My son recently discovered Bad Guys.
Previously, all the stories we read to him and the tv shows he watched had no villains: Goodnight Moon, Barnyard Dance, Go Dog Go, Maisy Mouse, My Friend Rabbit, Theodore Tugboat.
Now he's suddenly the biggest fan of Superman, Batman and Spiderman; and his favorite book is The Lorax. All stories with Bad Guys. (And he interprets the themes quite literally. Hence, he suggested sending Spiderman to stop the neighbors' tree trimmers.)
By coincidence or not, he now also has the concept of friends, both "for real" and "for pretend." Superheroes help each other; bad guys "boom" each other. ("Boom" is always accompanied by an agitated finger gun motion.)
With the introduction of antagonists--and allies--into his story lines, his imaginative play is much more sophisticated.
It's funny, because I've always considered a story with no real bad guys to be the more sophisticated kind of story, albeit very hard to achieve. But I think it's fascinating to see how a child's understanding of conflict matures, and I wonder if this is a necessary stage. Once I would have said no, it was simply a symptom of our binary, dualistic, Cartesian culture, or maybe the military industrial patriarchy or something like that. (The fault of the Bad Guys, in other words). Now I'm not so sure.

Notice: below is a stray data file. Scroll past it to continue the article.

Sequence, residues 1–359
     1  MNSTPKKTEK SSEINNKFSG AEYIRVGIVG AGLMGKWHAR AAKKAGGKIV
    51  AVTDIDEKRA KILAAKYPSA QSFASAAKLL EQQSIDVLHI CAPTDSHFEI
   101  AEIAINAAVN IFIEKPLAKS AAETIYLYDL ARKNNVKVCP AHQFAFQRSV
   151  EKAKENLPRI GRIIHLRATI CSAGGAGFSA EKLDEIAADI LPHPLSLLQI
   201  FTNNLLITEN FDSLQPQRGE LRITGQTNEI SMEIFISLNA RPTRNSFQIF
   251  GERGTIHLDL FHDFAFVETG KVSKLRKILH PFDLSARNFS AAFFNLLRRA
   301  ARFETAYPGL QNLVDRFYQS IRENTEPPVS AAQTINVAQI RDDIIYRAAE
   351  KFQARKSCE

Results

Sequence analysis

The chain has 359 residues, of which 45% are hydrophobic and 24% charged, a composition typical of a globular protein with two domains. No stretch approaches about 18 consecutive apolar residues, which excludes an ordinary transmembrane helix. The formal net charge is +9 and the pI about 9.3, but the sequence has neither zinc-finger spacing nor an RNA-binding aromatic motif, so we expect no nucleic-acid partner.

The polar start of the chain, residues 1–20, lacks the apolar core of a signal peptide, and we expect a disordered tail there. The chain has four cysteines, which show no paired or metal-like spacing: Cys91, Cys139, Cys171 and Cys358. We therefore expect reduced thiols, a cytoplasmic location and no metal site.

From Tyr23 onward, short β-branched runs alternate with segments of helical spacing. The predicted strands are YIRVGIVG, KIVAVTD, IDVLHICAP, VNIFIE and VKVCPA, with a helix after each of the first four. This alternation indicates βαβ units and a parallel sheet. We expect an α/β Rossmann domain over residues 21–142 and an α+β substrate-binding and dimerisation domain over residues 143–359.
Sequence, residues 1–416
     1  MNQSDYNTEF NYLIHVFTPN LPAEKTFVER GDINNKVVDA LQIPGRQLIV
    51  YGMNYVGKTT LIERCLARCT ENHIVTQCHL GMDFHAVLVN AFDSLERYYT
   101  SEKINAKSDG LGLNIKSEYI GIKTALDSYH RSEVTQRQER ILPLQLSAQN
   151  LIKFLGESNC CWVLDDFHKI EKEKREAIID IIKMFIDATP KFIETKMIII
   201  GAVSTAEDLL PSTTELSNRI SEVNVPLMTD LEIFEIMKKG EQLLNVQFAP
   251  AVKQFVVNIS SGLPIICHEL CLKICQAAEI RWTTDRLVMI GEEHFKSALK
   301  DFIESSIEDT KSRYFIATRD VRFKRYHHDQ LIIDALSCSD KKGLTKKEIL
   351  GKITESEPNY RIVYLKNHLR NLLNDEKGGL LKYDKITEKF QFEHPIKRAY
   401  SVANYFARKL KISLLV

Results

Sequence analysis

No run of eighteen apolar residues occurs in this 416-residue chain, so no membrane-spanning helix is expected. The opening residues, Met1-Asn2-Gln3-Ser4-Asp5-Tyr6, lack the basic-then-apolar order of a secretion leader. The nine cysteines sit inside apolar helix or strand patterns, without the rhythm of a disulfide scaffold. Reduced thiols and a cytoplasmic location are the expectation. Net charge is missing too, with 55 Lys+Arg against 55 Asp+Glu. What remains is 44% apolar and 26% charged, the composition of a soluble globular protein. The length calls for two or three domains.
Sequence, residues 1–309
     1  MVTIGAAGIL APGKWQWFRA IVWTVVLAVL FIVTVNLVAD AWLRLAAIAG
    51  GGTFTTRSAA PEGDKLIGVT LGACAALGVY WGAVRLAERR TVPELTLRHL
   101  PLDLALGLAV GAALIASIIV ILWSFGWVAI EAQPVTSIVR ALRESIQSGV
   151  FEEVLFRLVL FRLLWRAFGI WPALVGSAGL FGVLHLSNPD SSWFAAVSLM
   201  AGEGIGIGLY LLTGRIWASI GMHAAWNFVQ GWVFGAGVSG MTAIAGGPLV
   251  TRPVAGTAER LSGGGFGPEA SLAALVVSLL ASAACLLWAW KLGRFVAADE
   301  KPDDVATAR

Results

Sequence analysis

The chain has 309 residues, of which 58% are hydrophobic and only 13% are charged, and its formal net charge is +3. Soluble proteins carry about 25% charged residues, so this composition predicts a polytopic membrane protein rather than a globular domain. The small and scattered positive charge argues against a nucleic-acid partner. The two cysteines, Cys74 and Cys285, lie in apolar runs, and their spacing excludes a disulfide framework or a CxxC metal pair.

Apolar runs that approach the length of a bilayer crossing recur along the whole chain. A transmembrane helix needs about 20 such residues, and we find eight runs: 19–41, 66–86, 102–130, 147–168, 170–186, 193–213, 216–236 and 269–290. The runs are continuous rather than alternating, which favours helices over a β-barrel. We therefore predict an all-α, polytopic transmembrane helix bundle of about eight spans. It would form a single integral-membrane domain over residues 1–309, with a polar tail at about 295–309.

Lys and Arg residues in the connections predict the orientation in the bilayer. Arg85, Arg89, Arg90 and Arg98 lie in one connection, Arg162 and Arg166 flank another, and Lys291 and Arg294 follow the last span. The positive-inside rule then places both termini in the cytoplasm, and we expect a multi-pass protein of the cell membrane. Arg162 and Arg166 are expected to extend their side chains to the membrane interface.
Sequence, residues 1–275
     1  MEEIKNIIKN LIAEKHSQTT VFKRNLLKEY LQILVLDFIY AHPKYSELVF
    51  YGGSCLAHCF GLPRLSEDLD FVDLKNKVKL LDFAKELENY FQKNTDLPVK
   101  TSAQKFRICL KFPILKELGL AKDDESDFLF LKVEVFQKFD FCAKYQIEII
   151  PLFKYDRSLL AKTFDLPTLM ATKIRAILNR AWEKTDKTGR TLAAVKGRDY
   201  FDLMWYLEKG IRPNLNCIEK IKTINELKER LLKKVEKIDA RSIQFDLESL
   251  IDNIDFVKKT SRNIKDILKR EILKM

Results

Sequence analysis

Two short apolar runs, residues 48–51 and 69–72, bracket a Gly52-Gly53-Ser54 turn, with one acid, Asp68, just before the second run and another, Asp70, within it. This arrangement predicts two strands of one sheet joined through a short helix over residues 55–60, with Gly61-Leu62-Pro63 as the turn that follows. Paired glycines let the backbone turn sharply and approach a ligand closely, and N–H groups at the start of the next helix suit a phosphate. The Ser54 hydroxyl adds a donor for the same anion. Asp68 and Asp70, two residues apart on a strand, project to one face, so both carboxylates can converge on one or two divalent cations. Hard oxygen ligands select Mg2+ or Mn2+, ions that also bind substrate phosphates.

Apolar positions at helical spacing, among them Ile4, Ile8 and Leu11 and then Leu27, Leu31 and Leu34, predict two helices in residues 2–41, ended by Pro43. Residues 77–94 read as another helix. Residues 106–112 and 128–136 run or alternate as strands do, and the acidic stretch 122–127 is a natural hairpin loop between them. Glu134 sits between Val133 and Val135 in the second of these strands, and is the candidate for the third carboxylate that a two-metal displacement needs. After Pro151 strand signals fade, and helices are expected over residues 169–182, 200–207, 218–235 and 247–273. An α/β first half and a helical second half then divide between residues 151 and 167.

One could blame my son's new obsession with Bad Guys on the content of the stories, but I think has as much to do with perception as content. Before, when he watched Cars, the main thing he took away from it was cars driving, and that was enough to thrill him. Now he notices the rivalry between Lightning McQueen and his friends and the Mean Green Car (and Frank, the Monster Harvester).
Meanwhile, my husband and I amuse ourselves during the 164th viewing of Cars by commenting on the deep philosophical meaning of the soul which has lost it's being being like a car which must rebuild it's own road. (Fun Fact: There's a car with the Apple symbol on the hood in the first race.)
Yeah. We've seen that movie WAY too much.